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Bombay High Court
The Commissioner Of Income … vs M/S. Templeton Asset Management … on 12 September, 2011
Bench: J.P. Devadhar, K. K. Tated
                                           1                        43 ITXA 1043-10.doc

                IN THE HIGH COURT OF JUDICATURE AT BOMBAY
                    ORDINARY ORIGINAL CIVIL JURISDICTION
K




                                                                              
                     INCOME TAX APPEAL NO. 1043 OF 2010




                                                      
    The Commissioner of Income Tax-Central-III                    .. Appellant
    R.No.109, Aayakar Bhavan,




                                                     
    M.K.Road, Mumbai 400 020.

          Vs.




                                         
    M/s. Templeton Asset Management (India)
    Pvt. Ltd.             
    First Floor, Sahakar Bhavan,
    Nariman Point,
    Mumbai - 400 021                                              .. Respondent.
                         
    Mr. Suresh Kumar a/w Ms. Padma Divakar for the Appellant.
    Mr. F.V. Irani a/w Mr. A.K. Jasani for the Respondent.
      
   



                              CORAM        : J.P. DEVADHAR & K.K. TATED, JJ.
                              DATE         : 12TH SEPTEMBER, 2011.





    JUDGMENT:(Per J.P. Devadhar, J.)


    1     The Appeal is admitted on the following questions of law and taken 





    up for hearing by consent of the parties:  



    a)    Whether, on the facts and in the circumstances of the case, the Hon'ble  

Tribunal, in law, was justified in upholding the order of the learned CIT (A) in

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not sustaining the addition made by the Assessing Officer being the difference
between the amount of investment advisory fees computed at the maximum

rates specified in Regulation 52(2) of the Securities and Exchange Board of
India (Mutual Fund) Regulation, 1996 (SEBI Regulations) and actually

charged by the Assessee?

b) Whether, on the facts and in the circumstances of the case, the Hon’ble

Tribunal, in law, was justified in upholding the order of the learned CIT (A) in
not sustaining the addition made by the Assessing Officer relating to the

recurring and marketing expenses without appreciating the fact that this
amount of expenditure the AMC was empowered to charge under SEBI

Regulations to the Mutual Fund, but it has charged the same to its own
accounts, thereby reducing its taxable income, and hence not be allowable as

deduction in view of the provisions of section 37(1) of the Income Tax Act,
1961?

c) Whether, on the facts and in the circumstances of the case, the Hon’ble

Tribunal, in law, was justified in upholding the order of the learned CIT (A) in
not sustaining the addition made by the Assessing Officer being towards 2/3 rd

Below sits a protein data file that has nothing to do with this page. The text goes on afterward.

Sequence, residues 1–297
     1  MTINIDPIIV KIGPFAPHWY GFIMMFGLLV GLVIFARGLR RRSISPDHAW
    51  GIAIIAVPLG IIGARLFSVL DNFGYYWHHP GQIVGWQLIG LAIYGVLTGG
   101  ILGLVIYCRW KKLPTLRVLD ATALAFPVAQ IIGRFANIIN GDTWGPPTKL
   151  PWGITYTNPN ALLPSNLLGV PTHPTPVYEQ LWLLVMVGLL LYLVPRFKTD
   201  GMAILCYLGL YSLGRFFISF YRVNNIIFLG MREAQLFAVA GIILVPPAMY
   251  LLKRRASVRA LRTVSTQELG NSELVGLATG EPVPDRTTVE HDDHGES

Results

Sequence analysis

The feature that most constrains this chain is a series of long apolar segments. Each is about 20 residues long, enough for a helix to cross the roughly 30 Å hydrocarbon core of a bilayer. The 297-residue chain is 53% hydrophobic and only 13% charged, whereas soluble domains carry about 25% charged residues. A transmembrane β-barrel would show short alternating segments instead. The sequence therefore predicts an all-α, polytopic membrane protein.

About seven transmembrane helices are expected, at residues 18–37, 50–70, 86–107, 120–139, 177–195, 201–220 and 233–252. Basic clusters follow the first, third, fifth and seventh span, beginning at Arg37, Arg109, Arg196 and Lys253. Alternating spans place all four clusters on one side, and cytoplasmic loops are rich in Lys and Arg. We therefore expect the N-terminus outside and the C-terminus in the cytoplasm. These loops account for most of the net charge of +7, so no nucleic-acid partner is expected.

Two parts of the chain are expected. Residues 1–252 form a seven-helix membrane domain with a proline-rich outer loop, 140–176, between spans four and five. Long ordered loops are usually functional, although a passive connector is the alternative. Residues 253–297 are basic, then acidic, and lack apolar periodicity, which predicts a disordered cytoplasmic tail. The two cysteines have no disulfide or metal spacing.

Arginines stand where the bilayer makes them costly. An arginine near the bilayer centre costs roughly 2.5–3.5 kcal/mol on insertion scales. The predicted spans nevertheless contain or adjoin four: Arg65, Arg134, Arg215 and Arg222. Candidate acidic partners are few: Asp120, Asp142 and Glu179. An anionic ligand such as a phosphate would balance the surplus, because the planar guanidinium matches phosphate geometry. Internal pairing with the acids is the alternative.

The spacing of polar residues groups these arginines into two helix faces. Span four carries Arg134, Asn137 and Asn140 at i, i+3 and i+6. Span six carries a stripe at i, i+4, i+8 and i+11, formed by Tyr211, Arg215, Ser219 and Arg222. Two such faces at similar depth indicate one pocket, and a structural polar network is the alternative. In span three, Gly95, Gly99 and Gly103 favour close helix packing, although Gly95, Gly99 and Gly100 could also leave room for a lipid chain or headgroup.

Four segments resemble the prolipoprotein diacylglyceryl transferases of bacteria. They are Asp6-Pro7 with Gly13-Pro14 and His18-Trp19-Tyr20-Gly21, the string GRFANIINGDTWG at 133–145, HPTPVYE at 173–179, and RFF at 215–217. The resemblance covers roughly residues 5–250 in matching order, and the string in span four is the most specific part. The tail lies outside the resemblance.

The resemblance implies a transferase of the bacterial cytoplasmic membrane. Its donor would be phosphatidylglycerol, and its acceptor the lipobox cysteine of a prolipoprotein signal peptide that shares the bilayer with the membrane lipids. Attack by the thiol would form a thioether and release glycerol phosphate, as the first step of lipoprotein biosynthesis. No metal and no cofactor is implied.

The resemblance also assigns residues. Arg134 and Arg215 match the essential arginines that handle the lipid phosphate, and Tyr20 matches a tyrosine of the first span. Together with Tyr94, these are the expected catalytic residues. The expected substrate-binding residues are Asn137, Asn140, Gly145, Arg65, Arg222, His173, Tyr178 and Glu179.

share of recurring expenses in excess of the limits specified in Regulation 52

(7) of SEBI Regulation which was borne by the Assessee without appreciating
the fact that the amount of expenditure, which becomes the liability either of
the sponsor or the trustee of the Mutual Fund, is not deductible under section

37(1) of the Income Tax Act in the hands of the Assessee Company”

d) Whether, on the facts and in the circumstances of the case, the Hon’ble
Tribunal, in law, was justified in upholding the order of the learned CIT (A) in
not sustaining the disallowance made by the Assessing Officer of initial issue

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expenses of the Mutual Fund Scheme incurred by the Assessee which pertain to
the business of the Mutual Fund, without appreciating the fact that these are

the expenses incurred by the Assessee Company on behalf of Mutual Fund and
are pertaining to Schemes which are of Mutual Fund which the Assessee

Company was empowered by the SEBI Regulations to charge to the Mutual
Fund Scheme?

2 The Assessment Year involved herein is A.Y. 2003-2004.

3 The Assessee is a private limited company engaged in the business of

Asset Management of Mutual Funds. In the Assessment Year in question, the

Assessing Officer on noticing that the Assessee has claimed investment

advisory fees, less than the ceiling prescribed under Regulation 52 of the

Securities and Exchange Board of India (Mutual Funds) Regulations, 1996

added the differential amount to the income of the Assessee.

4 The CIT (A) as also the ITAT have held that the SEBI Regulation 52

provides for the maximum limit towards the fees that could be charged by

an Asset Management Company from the Mutual Funds. Due to the

business exigencies if the Assessee an Asset Management Company collects

lesser amount of fees than the ceiling prescribed, it is not open to the

Assessing Officer to make additions on notional basis merely because the

amount of fees actually claimed is less than the maximum ceiling prescribed

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under the SEBI Regulation. It is not the case of the Revenue that the

Assessee has recovered investment advisory fees more than what is said to

have been claimed by the Assessee. Therefore, the fact that the SEBI

Regulation provides for the maximum limit on the investment advisory fees